Gov. Roy Cooper saw his shadow today and ordered five more weeks of shutdown.
The original reason Cooper gave for shutting down the economy of the state, forcing businesses to close and people to stay at home was so COVID-19 cases wouldn’t overwhelm the hospitals, but that has long been forgotten. The idea that the numbers of COVID-19 cases had to stabilize has been pushed to the side, because the numbers have not only stabilized, most are trending down.
If there was any doubt that the COVID-19 shutdown is political, Secretary of the North Carolina Department of Health and Human Services Mandy Cohen erased that by starting what was supposed to be a nonpartisan report on the facts and data that prevented the state from opening with a statement it was time for North Carolina to expand Medicaid.
Cohen said, “Before I begin with data, I just want to give a shout out to the state of Missouri for voting yesterday to expand Medicaid. We in North Carolina are now one of only 12 states that have not said yes to providing North Carolinians with affordable access to health coverage and bringing billions of dollars into our economy. It is time to expand Medicaid here in North Carolina.”
There is no more partisan issue in Raleigh than expanding Medicaid. The state doesn’t have a budget this year because Cooper refused to negotiate any portion of the budget until the Republican leadership in the legislature agreed to expand Medicaid. In the state Senate, the Republicans were unable to get one Democratic senator to cross over and vote for a budget because it did not include Medicaid expansion.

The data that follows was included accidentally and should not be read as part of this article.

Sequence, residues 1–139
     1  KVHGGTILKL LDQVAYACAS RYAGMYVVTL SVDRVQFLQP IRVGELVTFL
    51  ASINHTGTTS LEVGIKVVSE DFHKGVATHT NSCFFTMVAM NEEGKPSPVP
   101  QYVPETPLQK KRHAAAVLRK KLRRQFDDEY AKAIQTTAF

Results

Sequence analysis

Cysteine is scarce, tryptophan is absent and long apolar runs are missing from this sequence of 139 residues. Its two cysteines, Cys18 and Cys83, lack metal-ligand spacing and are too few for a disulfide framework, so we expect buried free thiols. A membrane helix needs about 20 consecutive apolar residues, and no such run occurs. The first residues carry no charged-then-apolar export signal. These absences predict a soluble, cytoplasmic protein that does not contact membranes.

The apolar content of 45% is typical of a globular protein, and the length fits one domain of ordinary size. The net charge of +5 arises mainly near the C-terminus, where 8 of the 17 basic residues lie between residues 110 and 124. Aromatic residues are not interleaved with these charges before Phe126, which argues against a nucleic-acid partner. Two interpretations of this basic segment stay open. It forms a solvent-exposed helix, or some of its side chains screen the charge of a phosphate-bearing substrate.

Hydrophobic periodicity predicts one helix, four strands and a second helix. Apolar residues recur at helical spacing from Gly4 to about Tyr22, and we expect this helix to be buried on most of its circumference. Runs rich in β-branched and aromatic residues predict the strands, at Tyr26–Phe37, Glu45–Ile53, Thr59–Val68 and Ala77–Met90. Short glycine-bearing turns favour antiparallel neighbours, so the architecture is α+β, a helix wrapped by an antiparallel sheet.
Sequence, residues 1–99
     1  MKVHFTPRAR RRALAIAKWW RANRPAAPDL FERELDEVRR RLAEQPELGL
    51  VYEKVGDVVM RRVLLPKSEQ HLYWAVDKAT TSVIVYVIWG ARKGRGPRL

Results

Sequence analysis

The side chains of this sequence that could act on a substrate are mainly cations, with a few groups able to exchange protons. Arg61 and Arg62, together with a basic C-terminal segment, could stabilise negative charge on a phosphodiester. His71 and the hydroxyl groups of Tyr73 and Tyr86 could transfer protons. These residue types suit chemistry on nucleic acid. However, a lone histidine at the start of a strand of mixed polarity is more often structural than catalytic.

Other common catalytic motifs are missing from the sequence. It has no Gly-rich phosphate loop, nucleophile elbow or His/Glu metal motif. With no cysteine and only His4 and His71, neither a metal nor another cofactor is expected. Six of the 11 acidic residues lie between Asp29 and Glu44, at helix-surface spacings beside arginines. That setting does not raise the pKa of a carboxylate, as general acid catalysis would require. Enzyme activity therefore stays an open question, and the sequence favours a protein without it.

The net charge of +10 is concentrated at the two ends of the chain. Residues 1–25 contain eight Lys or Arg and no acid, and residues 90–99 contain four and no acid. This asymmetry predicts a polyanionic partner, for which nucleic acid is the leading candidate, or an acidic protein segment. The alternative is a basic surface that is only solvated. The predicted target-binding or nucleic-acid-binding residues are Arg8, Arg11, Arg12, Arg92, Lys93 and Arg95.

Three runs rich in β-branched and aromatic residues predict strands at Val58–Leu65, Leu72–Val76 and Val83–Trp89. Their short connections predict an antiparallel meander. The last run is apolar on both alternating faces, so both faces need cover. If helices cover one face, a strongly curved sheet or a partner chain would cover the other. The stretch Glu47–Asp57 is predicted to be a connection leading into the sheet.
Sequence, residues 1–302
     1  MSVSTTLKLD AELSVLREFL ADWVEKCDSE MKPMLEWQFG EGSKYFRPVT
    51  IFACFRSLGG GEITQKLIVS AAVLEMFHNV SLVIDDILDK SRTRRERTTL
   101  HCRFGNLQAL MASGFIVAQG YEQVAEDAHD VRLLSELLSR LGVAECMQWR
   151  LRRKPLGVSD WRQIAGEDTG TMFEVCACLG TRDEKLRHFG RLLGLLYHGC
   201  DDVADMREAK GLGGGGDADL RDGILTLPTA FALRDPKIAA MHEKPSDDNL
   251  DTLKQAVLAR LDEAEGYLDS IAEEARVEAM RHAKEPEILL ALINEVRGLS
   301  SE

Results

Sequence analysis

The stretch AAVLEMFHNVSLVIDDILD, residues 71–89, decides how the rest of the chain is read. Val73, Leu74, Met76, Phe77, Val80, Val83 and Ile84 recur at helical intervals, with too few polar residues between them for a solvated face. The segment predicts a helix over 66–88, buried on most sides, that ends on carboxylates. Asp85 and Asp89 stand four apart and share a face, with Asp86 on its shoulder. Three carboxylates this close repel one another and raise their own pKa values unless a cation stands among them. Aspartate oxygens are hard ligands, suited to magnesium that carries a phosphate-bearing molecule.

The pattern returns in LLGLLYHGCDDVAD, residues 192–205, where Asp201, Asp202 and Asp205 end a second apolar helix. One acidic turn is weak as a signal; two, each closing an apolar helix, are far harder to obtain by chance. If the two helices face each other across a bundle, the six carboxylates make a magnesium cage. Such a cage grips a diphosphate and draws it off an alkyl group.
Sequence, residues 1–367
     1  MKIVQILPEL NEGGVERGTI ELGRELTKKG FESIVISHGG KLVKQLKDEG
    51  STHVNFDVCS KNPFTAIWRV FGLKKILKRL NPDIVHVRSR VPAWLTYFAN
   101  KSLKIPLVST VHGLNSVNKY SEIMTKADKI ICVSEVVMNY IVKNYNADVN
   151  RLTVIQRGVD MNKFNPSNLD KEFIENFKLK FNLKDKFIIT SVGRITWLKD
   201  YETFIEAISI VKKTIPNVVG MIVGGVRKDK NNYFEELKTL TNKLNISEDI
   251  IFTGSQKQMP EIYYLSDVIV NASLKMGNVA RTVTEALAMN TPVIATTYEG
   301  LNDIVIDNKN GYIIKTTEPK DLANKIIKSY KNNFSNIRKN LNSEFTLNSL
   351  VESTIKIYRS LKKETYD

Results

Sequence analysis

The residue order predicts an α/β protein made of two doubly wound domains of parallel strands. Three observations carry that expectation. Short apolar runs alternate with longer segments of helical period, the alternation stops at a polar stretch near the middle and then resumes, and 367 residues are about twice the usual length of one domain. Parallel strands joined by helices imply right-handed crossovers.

After her highly partisan spiel on Medicaid expansion, Cohen went through the numbers that look like what the people of North Carolina had been told repeatedly was necessary to move to Phase 3, but the numbers were not deemed good enough. Except for the percentage of those testing positive, which Cohen now says needs to be at 5 percent, she didn’t inform the people of North Carolina how low the numbers had to go in order for Cooper to allow people to get back to work and businesses to go back to a more normal operation.
All the charts showed the numbers either down or stabilized, but evidently not down or stabilized enough to reopen the economy.
During the period where Cooper answered screened questions from the media, with no chance of a follow-up question, he was asked several times about bars being closed when restaurants, breweries, wineries and distilleries are all allowed to serve alcoholic beverages. He said bars were areas of high transmission and gave some anecdotal evidence but no science, facts or data to support that statement.
He also didn’t explain why someone served a drink at a restaurant at 10:59 p.m. was less likely to transmit COVID-19 to someone else, than the same person served a drink at 11:01.